Many turn to the power of prayer following violent week in Memphis

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MEMPHIS, Tenn. -- The recent mob violence at Poplar Plaza and a Memphis firefighter wanted in the domestic violence murder of his ex-girlfriend are examples of what some call tragic signs of the time.

Tracy Bethea is the program and music director at radio station Hallelujah FM 95.7. She says these and other problems show Memphis is in dire need of prayer.

"Hallelujah FM sees the need for prayer in our city. Our city is in need of help and we saw a need here at Hallelujah FM  to be a beacon of light and do more than play gospel music, but come into the community and ask for an hour of prayer," Bethea said.

The radio station declared Thursday a "Hallelujah Day of Prayer." Hundreds came to World Overcomers Outreach Ministries Church on Winchester.

Many people, like Joyce Jackson, got on their knees, and others raised their hands, hoping for solutions.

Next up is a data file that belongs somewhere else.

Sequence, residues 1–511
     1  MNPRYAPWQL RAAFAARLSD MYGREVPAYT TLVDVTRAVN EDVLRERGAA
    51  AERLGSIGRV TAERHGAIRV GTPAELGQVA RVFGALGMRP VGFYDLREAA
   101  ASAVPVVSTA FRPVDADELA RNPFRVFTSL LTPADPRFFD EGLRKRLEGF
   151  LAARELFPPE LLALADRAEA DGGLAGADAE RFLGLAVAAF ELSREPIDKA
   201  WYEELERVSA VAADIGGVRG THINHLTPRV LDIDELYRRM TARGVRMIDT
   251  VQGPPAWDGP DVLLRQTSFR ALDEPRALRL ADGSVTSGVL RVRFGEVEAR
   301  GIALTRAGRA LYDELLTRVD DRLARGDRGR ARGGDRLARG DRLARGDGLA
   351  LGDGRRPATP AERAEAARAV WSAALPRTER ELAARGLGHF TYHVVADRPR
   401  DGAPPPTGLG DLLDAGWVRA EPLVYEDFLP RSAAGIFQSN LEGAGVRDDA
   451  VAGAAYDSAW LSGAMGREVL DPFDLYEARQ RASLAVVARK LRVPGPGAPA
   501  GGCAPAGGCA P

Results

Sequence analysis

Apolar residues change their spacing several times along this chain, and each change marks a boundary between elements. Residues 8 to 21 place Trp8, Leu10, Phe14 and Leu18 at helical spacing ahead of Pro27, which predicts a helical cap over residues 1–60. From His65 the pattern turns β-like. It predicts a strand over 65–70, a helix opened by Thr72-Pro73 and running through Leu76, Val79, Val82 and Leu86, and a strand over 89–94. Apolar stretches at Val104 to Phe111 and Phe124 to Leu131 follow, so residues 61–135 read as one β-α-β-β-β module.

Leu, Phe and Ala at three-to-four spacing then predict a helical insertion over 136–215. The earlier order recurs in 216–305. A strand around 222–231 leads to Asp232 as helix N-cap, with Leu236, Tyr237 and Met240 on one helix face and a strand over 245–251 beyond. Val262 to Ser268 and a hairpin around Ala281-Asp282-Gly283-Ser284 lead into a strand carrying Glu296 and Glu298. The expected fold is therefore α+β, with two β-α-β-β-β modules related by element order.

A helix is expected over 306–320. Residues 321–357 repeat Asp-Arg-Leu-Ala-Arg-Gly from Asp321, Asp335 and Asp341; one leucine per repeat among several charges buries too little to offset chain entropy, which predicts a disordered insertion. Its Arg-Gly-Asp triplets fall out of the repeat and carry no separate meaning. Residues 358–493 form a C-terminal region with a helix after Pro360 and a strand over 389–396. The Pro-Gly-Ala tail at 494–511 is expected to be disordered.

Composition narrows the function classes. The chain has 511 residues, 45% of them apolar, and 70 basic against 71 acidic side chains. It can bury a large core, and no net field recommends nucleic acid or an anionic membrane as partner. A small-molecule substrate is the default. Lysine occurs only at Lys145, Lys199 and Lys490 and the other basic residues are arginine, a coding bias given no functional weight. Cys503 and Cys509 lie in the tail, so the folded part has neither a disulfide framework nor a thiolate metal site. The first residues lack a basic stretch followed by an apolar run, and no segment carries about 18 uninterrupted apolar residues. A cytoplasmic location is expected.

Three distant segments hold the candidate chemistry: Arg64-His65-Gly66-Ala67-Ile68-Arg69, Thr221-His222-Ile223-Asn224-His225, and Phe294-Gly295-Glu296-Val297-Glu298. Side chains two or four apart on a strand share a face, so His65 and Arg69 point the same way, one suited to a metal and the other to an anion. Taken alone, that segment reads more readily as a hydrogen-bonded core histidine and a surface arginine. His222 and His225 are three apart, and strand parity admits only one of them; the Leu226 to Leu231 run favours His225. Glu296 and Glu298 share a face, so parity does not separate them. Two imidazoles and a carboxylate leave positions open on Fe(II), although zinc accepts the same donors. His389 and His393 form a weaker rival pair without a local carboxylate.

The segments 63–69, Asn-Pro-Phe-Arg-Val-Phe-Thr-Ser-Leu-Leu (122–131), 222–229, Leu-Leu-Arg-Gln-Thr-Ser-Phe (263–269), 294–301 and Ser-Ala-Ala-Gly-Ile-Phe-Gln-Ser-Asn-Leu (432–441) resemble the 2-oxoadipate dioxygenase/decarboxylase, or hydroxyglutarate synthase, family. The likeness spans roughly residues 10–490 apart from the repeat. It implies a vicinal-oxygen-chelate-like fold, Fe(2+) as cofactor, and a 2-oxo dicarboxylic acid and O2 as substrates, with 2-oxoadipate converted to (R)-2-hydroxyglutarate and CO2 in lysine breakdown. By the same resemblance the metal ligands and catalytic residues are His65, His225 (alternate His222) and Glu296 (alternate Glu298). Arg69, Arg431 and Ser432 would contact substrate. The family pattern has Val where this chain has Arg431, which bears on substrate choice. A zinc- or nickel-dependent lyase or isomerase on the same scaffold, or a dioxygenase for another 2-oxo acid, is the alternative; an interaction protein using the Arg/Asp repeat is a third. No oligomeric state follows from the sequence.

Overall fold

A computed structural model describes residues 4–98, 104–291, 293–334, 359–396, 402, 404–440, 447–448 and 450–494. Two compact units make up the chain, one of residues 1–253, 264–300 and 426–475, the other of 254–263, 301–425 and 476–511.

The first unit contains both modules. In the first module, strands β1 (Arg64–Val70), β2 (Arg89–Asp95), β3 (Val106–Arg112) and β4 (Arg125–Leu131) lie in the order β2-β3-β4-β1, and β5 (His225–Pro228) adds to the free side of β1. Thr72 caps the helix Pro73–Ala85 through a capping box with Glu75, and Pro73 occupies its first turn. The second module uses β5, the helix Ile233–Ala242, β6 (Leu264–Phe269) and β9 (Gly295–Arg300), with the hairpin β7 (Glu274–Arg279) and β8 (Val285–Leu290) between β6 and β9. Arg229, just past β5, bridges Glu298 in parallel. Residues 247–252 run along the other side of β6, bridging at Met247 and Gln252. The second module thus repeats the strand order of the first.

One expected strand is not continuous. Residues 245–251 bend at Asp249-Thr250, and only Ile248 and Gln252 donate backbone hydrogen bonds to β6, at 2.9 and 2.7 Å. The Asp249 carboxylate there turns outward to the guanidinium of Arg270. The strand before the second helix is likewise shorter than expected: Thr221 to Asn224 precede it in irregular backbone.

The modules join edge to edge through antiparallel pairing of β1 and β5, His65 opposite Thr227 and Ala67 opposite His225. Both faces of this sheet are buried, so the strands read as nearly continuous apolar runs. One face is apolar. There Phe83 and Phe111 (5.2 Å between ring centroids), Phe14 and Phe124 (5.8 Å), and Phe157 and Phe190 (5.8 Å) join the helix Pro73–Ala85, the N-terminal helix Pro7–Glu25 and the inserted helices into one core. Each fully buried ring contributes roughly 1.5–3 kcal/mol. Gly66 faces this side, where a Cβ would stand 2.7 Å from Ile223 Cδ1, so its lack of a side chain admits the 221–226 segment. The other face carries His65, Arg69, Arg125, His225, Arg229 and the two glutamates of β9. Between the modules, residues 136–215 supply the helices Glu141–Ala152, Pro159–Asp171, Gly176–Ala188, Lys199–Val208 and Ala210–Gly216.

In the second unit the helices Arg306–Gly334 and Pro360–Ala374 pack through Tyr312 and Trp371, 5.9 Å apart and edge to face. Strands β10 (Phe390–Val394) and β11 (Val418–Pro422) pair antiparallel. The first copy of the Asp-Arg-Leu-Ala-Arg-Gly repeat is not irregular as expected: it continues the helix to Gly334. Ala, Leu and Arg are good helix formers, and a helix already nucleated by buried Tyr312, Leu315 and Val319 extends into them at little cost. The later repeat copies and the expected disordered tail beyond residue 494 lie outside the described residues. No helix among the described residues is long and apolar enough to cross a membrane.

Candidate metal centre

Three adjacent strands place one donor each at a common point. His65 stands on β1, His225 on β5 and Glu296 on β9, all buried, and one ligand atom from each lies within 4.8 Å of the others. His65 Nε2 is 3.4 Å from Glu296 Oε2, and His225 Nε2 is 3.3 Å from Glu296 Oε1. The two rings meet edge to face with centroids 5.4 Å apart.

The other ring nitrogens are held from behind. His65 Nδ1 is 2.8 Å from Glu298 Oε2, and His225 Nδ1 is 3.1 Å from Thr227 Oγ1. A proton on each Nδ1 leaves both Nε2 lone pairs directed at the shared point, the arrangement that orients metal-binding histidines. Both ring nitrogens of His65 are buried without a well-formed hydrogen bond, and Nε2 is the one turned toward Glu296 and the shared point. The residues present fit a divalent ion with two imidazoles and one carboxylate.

"It's painful too to see such violence and people hurting people and we need prayer," Jackson said.

They were also moved by music and the message of spiritual leaders such as the Reverend Keith Norman of First Baptist Church-Broad.

"We are your people, Dear God, and you have invested the power of prayer in us and you have declared if your people will call by your name and simply humble ourselves and pray," Norman said.

While many admit prayer is needed, they also say families, churches, and the city need to work side-by-side to curb violence, especially for teens.

Bobby White is Memphis Mayor A C Wharton's Chief of Staff.

"Because these young people belong to someone family, a member of someone's church, neighbors and friends of people we know. I think the thing is for us to basically look in the mirror and what can we do to play some role in this larger issue rather than pointing the finger elsewhere," White said.

It why individuals, pastors, and community leaders came together for one hour in prayer, which some hope will led to a lifetime of change.

"Prayer can change things and people need to understand that the power of prayer still works.," Bethea said.

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